30 May, 2011

Garden Mothing- What I've been catching

Garden Mothing- What I've been catching...

Three days later, and without further ado, here are the results from three nights worth of garden moth trapping. Before I start, I must warn you, this is a seriously mothy post with lots of Latin, and lots of statistics; so don't be surprised if by the end of the post you can confidently identify a Striped Lynchis from a Water Betony, based exclusively on the external positing of the hindwing discal spot.

First off, the trapping location...

A pretty average suburban garden, with a large Pyracantha, Hawthorn tree (insect magnet), Buddhlia and Hazel tree providing the main moth attractions. In the borders, there are quite a few flowering plants, which prove popular with the Silver Y's, and have even attracted a Hummingbird Hawk-moth in the past, and there are two maturing apple trees, as well as a Crab Apple and two Silver birch hidden from view. The position where the trap is in the photo seems to be the most effective positioning. After two full years of trapping, the garden list currently stands at around 300 species, with around twice as many macro moths caught than micro moths.

Now for the technical stuff- a long light tube, a box of wood and two ladders holding up an old bed sheet...

The weather really helps when moth trapping. Generally, cloudy skies and high temperatures encourage more moths out on the wing than windy, clear and cold nights.

The night of the 27th was one of those windy, clear and cold nights, and as a result only 12 species were recorded. Here's the list:

10 Heart and Dart
3 Pale Mottled Willow
1 Angle Shades
1 Garden Carpet
2 Willow Beauty
1 Marbled Minor agg. (there are 3 species of Minor that can't be visually IDed, so need to be labelled together 'agg.')
1 Green Pug
1 Double-striped Pug
5 Epiphyas postvittana (Light Brown Apple Moth)
2 Argyresthia trifasciata

Angle Shades...

Heart and Dart- the most common moth in the garden at present...

The 28th was a much better night, and after strategically reconsidering a new position for the trap at the opposite end of the garden, I caught a total of 62 moths of 29 species:

1 Beautiful Hook-tip
1 Small Blood-vein
2 Maiden's Blush
1 Garden Carpet
1 Green Pug
1 Double-striped Pug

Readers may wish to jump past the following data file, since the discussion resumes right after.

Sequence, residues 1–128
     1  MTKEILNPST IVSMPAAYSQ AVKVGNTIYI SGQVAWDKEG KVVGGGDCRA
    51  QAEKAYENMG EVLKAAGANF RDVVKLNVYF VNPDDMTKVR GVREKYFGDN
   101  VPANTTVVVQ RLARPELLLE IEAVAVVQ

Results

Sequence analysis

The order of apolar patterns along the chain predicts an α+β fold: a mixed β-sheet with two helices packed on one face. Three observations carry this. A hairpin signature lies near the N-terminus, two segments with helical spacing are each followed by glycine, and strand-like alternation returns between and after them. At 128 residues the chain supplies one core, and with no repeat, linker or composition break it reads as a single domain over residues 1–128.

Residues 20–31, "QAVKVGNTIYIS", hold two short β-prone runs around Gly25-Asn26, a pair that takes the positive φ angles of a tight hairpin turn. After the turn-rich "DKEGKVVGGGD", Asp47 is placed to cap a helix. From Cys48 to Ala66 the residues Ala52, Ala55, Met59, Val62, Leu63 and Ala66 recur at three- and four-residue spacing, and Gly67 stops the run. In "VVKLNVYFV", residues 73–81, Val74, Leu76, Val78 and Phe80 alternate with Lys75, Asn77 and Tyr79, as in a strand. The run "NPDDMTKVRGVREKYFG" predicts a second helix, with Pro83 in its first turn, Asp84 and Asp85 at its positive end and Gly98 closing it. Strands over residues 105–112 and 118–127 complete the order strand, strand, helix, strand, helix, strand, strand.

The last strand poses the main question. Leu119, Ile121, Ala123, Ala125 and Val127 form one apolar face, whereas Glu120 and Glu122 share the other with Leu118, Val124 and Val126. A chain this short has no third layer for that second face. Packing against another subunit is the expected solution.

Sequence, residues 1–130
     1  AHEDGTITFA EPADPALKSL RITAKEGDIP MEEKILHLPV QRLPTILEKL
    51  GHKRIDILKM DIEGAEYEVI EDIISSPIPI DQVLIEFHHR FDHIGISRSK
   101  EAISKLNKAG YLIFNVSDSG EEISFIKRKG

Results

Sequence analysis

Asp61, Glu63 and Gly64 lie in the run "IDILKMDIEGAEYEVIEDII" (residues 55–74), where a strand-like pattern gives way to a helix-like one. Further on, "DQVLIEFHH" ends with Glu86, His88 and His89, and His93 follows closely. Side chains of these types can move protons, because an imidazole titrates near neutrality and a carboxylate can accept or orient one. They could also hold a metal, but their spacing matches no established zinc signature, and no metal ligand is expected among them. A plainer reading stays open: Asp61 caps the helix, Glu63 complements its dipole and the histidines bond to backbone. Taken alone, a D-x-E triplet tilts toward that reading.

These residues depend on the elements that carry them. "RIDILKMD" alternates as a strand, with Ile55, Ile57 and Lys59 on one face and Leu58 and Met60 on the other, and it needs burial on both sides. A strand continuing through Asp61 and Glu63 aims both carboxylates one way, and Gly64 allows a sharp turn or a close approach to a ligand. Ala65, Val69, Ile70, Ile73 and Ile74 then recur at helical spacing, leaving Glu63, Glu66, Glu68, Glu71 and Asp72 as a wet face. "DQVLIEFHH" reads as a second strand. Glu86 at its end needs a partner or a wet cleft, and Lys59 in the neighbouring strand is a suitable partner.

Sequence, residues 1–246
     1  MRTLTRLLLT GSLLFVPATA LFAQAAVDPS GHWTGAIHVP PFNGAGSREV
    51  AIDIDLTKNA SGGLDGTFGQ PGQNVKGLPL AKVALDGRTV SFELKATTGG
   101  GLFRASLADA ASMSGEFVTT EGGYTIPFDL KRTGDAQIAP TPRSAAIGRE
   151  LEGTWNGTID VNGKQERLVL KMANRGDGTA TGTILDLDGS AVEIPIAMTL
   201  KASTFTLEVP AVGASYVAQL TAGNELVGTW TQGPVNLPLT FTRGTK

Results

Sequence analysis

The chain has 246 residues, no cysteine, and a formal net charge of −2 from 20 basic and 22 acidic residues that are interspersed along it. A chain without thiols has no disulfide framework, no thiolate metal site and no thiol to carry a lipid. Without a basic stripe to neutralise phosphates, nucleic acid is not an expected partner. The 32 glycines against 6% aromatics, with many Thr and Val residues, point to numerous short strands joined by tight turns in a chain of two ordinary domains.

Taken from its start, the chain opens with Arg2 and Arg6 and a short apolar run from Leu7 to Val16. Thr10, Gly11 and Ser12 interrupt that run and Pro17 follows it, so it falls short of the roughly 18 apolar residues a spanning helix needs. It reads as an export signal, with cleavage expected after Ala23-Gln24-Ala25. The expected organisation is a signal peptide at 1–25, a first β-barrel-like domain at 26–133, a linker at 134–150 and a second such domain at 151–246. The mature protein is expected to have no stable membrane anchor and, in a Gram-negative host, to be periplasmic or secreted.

2 Freyer's Pug
1 Common Pug
11 Heart and Dart
3 Pale Mottled Willow
1 Light Brocade
1 Dark Arches
1 Large Yellow Underwing
1 Marbled Brown
1 White Ermine
3 Marbled Minor agg.
4 Willow Beauty
1 Treble-lines
1 Shuttle-shaped Dart
1 Pandemis cerasana
1 Tortrix viridana (Green Oak Tortrix)
1 Dipleurina lacustrata
1 Eudonia mercurella
1 Epiblema rosaecolana
1 Agapeta hamana
1 Zeiraphera isertana
15 Epiphyas postvittana (Light Brown Apple Moth)
1 Parornix anglicella
8 Aphomia sociella (Bee Moth)
1 Argyresthia spinosella
Beautiful Hook-tip...

Marbled Brown...

Light Brocade...

Agapeta hamana- reminds me of a banana for some reason...

Last night was another productive night of trapping, again with 29 species caught:

1 Blotched Emerald
2 Treble Brown Spot
1 Small Blood-vein
2 Common Marbled Carpet
1 Garden Carpet
1 Straw Dot
2 Freyer's Pug
3 Double-striped Pug
2 Green Pug
1 Common Pug
1 Maiden's Blush
4 Pale Mottled Willow
1 Knot Grass
13 Heart and Dart
6 Willow Beauty
5 Treble Lines
1 Marbled Minor agg.
1 Shuttle-shaped Dart
1 Brimstone
1 Marbled Brown
1 Aphelia paleana (Timothy Tortrix)
1 Ditula angustiorana (Red-barred Tortrix)
1 Aleimma loeflingiana
2 Archips podana (Large Fruit-tree Tortrix)
1 Tortrix viridana (Green Oak Tortrix)
1 Udea olivalis
13 Epiphyas postvittana
7 Aphomia sociella (Bee Moth)
1 Caloptilia alchimiella

Blotched Emerald- a personal favourite...

Freyer's Pug

Aleimma loeflingiana...

Green Oak Tortrix...

Udea olivalis...

1 comment:

Tim James said...

Hi Bill. I know only a little about moths, but I do know your enthusiasm for the subject really shines through. Really informative blog and nice pix too.